Tag Archives: Tunisia

“The Game’s Afoot”: Protest in Repressive States and Its Field of Play

by Hank Johnston

In Egypt, Tunisia, and Ukraine, political regimes were brought down by mass movements of political protest. In contrast, peaceful Syrian protests against the al-Assad regime took a different course and spiraled into violence and civil war. One need only recall the unsuccessful Iranian protests against the fraudulent election of Mahmoud Ahmadinejad or the unrealized Chinese “jasmine revolution” in 2011 to ponder the contingencies of the repression-mobilization relationship. In the Iranian and Chinese cases, the state effectively quashed protests. In the Syrian case, state violence led to escalation that al-Assad’s piecemeal reforms were unable to stop. In the Ukrainian case, police violence against waning protests caused public outrage and reinvigorated mobilization. Continue reading

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Repression Works – when it works (and not, when not)

by Jack Goldstone

Much recent research has highlighted the success of non-violent protest. Erica Chenoweth and Maria J. Stephan’s data analysis had demonstrated that disciplined, non-violent protests succeed more often than violent ones, even in the face of repressive actions by regimes.

And yet recent events in Bahrain, Egypt, Syria, Libya, and Ukraine give one pause. While Tunisia offers the example of a relatively peaceful protest campaign that overturned a dictatorship, in Libya civil war seemed necessary to overturn a regime about to massacre peaceful protestors in Benghazi. In Egypt, the peaceful protestors who brought down the Mubarak regime were soon marginalized, with the Muslim Brotherhood now outlawed and suffering mass executions at the hands of a counter-revolutionary military regime. In Syria, the dictatorship responded to peaceful protests with brutalizing attacks and seems likely to have crushed the protests if they had not recruited defecting soldiers and become militarized (although to be sure, we do not know what would have happened if the protestors had stuck to non-violence). Finally, in Bahrain, the most massive peaceful protests seen in the region, as a percentage of the population participating, were crushed by the military. By contrast, in Ukraine, it was only after peaceful protestors were galvanized by more violent “ultranationalists” who attacked police and burned buildings that the ruler fled (although again we cannot be sure what would have followed if this turn to violence had not occurred). Continue reading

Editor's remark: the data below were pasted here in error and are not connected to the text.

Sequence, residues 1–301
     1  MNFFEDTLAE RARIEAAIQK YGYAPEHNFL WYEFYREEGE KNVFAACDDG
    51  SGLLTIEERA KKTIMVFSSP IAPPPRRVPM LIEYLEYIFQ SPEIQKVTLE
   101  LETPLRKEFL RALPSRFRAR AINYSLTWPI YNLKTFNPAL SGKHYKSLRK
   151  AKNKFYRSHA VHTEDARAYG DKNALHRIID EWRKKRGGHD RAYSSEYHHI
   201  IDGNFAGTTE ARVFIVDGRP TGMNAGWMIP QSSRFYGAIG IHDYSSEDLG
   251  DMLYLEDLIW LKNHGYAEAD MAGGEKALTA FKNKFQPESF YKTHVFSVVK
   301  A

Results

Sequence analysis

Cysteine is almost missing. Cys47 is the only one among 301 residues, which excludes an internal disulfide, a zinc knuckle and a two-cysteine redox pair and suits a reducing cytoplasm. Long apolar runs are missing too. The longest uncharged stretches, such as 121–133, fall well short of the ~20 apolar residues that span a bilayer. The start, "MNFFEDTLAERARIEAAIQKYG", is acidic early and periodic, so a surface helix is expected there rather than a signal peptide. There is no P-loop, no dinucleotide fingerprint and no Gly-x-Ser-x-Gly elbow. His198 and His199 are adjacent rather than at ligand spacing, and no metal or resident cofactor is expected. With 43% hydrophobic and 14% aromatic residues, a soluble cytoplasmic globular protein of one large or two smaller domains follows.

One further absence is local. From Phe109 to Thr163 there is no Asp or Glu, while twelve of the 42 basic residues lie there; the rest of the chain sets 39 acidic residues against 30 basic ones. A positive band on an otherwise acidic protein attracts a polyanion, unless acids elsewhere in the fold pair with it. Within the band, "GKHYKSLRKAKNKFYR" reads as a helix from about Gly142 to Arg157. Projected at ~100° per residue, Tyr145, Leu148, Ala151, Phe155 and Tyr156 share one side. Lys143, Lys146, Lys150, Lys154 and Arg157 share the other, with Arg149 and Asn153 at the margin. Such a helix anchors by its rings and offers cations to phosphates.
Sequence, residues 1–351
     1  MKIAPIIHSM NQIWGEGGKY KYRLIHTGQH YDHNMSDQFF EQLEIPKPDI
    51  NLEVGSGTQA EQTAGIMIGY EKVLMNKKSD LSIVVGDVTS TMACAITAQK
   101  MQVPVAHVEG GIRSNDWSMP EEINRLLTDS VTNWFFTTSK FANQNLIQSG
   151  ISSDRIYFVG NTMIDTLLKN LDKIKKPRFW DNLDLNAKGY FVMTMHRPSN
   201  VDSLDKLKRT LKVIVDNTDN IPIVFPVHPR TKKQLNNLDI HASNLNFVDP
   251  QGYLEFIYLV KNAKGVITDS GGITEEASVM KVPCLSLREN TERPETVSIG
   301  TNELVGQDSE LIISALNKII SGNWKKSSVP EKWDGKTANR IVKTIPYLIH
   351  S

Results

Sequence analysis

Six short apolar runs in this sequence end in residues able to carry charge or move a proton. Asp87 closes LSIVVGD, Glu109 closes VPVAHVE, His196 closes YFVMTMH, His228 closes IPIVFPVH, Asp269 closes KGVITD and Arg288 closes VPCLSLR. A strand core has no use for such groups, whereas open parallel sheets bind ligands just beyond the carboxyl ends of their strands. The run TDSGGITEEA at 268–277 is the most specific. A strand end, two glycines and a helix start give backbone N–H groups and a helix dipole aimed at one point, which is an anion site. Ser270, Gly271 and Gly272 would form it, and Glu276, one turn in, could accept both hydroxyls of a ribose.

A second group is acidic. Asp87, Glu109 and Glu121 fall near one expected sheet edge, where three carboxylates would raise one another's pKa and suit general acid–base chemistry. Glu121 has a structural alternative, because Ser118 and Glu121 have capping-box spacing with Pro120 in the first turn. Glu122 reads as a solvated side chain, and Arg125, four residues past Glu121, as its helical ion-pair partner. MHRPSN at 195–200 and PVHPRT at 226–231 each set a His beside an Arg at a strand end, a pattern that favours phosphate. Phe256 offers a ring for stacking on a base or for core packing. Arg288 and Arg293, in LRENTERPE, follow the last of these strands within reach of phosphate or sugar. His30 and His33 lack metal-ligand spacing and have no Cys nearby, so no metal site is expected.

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The Arab Uprisings Have Not Failed: They Are Continuing

By Joel Beinin

Ignited by the self-immolation of Mohamed Bouazizi in the impoverished Tunisian city of Sidi Bouzid in December 2010, a prairie fire engulfed much of the Arab world during 2011. Social movements of the previous decade converged in the uprisings: broad pro-democracy activism exemplified by Egypt’s Kifaya (Enough!), campaigns against police brutality, in defense of judicial independence, prisoners’ rights, women’s rights, and in Egypt, Tunisia, Bahrain and Morocco, workers’ actions to defend their standard of living. However, the 2011 occupations of public space proclaiming “the people want the fall of the regime” and demanding “bread, freedom, and social justice” were much more than a social movement. They were popular rebellions with a revolutionary thrust directed, albeit vaguely and without a clear program, against both autocratic neo-patrimonial rule and neo-liberal crony capitalism. Continue reading

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Filed under Essay Dialogues, Social Movement Failure